Demystifying the technology stack

The modern web is a vast, ever-expanding network of interconnected machines and devices. We tend not to think of how all this works whilst we are Instagramming, tweeting or giving our followers a status update. You type a website address, and you (hopefully) get the page you wanted.  But what sits beneath a website, and how does it work?

We’re a curious bunch here at Fresh Egg, and we’re all about sharing our knowledge.  I have been a developer for many years and, I have come to realise, there's still a lot of confusion amongst some clients with regards to the technologies that, in combination, make websites, and the internet, work.  All websites work on the same principle, no matter how big or small - your own website, as well as those hilarious cats that are able to dance about your screen on Facebook.   In this blog post, I'll walk the stack and identify key technologies that all contribute to the display of a web page - the browser, content delivery network, hosting provider, firewall, load balancer, server, web application and database. 

1. The Browser

The browser

We all have our favourite – from Chrome (62% of market share) right down to Internet Explorer (6.3%) – but what actually is a browser?

First and foremost, when you visit a website, you’re doing so through a web browser (a user agent). The browser is responsible for downloading content from a remote server and displaying that content to the visitor.

This content is in the form of an HTML page. HTML (which stands for Hypertext Markup Language - arrrrrggghhh that's what that means) and describes the structure of content to be displayed on a page. It is the responsibility of the browser (hello Google Chrome, Safari, Firefox) to interpret what that HTML means, and show that to the user - this is called rendering.

Through a combination of CSS (Cascading Style Sheets - another arrrrrggghhh moment?) and JavaScript, we further embellish this process to mix in both presentation and behaviours of the onsite content.

“Great – so where does this content come from, for the browser to be able to download?” I hear you cry?

2. The Content Delivery Network (CDN)

The content delivery network (CDN)

Whether you know it or not, you probably interact with a CDN on a daily basis, from all sorts of locations – including your own bed, if you’re one of the 40% of adults who uses the Internet on their phones within five minutes of waking up.

But what is a CDN, and is it judging you for getting your internet fix first thing?

Put simply, a CDN’s mission is to virtually shorten the physical distance between you, the end user, and the content your browser is trying to download from the original website’s server. Remember the ‘here’s one I made earlier’ trick on Blue Peter? This is the job of the CDN. It’s the middleman between you and the origin server, serving you a cached copy of the content you’re requesting, so you can see it nice and quickly. Content doesn't start life at the CDN though, it has to be read from wherever the website is hosted...

3. The Hosting Provider

The hosting provider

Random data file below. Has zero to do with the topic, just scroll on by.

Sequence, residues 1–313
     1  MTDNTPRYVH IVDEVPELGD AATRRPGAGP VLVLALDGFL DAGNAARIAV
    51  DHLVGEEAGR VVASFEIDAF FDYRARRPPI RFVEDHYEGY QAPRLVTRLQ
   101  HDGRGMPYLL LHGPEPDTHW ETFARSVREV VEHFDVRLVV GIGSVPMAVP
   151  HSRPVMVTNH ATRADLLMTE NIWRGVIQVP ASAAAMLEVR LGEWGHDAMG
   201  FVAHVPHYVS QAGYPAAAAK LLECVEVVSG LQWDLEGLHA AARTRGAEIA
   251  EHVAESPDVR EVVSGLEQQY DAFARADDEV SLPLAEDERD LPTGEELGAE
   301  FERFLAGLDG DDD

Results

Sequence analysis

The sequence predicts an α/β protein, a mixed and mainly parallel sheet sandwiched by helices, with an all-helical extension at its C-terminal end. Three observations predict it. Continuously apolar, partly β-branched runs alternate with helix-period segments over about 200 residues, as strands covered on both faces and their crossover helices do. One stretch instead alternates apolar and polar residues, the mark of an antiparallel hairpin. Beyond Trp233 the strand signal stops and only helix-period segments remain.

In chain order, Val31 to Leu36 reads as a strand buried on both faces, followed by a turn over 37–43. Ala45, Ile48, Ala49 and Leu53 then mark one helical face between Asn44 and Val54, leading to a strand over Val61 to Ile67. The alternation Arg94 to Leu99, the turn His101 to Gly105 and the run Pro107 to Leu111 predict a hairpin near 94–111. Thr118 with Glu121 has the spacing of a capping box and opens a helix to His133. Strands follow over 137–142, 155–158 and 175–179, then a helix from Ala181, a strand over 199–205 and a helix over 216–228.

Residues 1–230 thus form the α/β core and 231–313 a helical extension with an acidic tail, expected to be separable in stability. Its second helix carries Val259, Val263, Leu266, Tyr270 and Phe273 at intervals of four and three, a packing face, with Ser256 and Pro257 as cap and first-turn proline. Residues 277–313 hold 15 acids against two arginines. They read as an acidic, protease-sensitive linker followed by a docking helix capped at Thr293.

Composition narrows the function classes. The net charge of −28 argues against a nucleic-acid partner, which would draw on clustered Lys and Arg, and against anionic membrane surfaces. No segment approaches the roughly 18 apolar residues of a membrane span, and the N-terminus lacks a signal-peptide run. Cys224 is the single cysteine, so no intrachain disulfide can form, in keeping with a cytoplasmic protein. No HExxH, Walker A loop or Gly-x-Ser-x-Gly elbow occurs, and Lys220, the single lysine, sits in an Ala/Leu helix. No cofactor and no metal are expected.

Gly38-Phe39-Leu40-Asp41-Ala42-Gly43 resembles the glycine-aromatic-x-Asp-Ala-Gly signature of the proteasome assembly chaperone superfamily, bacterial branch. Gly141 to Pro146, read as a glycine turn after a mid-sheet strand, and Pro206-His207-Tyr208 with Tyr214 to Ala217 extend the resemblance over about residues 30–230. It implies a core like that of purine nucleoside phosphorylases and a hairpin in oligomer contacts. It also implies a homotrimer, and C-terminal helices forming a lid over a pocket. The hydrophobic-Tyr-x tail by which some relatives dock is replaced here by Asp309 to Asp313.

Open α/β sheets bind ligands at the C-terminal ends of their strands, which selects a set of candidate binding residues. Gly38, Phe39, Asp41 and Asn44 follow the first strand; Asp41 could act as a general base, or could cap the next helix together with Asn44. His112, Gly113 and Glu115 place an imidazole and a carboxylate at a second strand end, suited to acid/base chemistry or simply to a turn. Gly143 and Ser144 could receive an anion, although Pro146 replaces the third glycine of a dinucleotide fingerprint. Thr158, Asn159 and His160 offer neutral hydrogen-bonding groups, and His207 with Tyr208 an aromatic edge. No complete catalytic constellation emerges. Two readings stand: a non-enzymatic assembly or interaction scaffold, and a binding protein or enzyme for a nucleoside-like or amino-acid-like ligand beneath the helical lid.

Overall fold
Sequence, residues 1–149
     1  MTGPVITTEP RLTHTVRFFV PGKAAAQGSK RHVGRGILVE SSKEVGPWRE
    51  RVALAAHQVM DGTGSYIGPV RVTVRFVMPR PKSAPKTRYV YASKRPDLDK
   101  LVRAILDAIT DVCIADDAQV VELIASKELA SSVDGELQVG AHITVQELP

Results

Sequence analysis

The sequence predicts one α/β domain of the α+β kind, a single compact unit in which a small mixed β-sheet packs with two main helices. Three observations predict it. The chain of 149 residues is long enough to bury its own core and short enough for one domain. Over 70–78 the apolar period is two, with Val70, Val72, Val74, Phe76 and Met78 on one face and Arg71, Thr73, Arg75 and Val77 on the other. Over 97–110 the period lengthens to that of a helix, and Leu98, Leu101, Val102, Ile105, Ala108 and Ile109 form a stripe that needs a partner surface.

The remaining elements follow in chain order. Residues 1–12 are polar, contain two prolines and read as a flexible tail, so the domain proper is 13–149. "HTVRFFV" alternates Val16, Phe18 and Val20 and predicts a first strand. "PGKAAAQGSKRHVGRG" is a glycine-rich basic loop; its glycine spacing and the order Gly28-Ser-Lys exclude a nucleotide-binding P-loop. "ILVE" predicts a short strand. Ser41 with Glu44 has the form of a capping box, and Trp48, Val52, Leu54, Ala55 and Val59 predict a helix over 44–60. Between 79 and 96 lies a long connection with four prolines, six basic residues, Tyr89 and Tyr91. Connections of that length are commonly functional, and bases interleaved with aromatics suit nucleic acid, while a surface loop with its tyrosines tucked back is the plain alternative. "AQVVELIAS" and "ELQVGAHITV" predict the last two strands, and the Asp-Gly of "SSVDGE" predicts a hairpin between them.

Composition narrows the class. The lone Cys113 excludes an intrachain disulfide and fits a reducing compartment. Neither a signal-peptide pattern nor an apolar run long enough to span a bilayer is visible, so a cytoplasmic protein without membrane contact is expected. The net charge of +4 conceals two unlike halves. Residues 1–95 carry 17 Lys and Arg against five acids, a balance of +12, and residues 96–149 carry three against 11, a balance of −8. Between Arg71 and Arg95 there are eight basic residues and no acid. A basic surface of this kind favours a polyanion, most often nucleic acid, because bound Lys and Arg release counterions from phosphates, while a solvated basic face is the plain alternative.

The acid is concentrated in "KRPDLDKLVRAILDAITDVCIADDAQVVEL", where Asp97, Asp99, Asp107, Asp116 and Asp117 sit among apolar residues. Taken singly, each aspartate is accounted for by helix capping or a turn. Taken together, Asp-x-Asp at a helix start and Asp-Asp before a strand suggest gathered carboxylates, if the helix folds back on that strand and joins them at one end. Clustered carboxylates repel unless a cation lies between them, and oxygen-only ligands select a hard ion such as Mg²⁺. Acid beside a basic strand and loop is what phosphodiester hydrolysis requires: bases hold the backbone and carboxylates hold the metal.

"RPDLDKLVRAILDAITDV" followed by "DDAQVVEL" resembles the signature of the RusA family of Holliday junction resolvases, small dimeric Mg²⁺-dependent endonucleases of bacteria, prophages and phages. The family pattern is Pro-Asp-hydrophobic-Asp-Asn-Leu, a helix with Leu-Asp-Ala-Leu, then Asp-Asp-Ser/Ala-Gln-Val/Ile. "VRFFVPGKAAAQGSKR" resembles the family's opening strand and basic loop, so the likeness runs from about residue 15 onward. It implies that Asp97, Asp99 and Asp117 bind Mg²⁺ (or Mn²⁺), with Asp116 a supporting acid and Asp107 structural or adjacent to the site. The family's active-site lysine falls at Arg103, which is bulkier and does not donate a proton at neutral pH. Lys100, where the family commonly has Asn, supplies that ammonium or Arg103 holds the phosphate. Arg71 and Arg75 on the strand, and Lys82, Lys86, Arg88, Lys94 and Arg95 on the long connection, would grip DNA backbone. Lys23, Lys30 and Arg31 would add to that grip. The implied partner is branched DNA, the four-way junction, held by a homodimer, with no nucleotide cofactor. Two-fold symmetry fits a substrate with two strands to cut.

Everything has to run from somewhere and this means a hosting provider.   A hosting provider is responsible for the underlying server (or servers) that runs a website, and any supporting software.

Hosting providers come in various shapes and sizes from small independents to larger infrastructure-endowed providers like WireHive and Rackspace and all the way up to the so-called hyper-cloud providers of Amazon AWS, Microsoft Azure, Google Cloud and IBM Cloud. I like things nice and tidy, so I put these into bands: band A (independents), band B (infrastructure-endowed) and band C (hyper-cloud).

What’s the difference?

The hosting requirements of a website are largely driven by what the purpose of the website is, and the volume of traffic they typically handle.

Small websites, such as static websites or brochure-ware websites running on a lightweight Content Management System (CMS) may opt for an independent, or low-cost hosting solution (band A). Larger websites and quite often transactional websites such as e-commerce platforms require more from their hosting infrastructure so might opt for a band B or C hosting platform.

Many of the band B hosting providers provide their own 'cloud' infrastructure. Cloud is a very wide term in the modern Internet age, but in terms of hosting it generally means the ability to manage a set of virtual servers running in a data centre somewhere.

Hyper-cloud hosting providers (band C) are a relatively new class. Starting with Amazon when they launched their first cloud services, the Amazon Elastic Compute Cloud (Amazon EC2) in 2006, a number of these platforms have been launched, such as Microsoft Azure. Hyper-clouds provide a vast amount of online services (something-as-a-Service, *SaaS) for managing many aspects of digital networks and web applications, from basic content hosting, all the way to elastic, scalable databases that dynamically respond to demand.

Whatever your hosting provider, the content flows through their network to their target...

4. The Firewall

The firewall

It sounds like a protective barrier, and that’s exactly what it is. A firewall is often put in place to protect your hosting infrastructure against potential attacks, or to control access to resources. Firewalls inspect both inbound and outbound traffic to the hosting infrastructure, or a specific server, and work with rules. These rules govern how the firewall reacts when inspecting traffic. A common rule on most firewalls could be to allow TCP traffic on port 80 (the default port for HTTP traffic). For example, you may have specialised rules in place to ensure that only your organisation can access your CMS, or perhaps to only allow limited access to your UAT server.

Firewalls can either be hardware or software. Typically most operating systems (such as Windows) come with a built-in software firewall. Hardware firewalls are devices that can be installed into a network and generally provide direct compute power for analysing network traffic.

As a minimum, it is recommended to have at least a software firewall in place, but depending on your needs, you may consider if a hardware firewall might be right for your website.

Next, we're nearing our destination...

5. The Load Balancer

The load balancer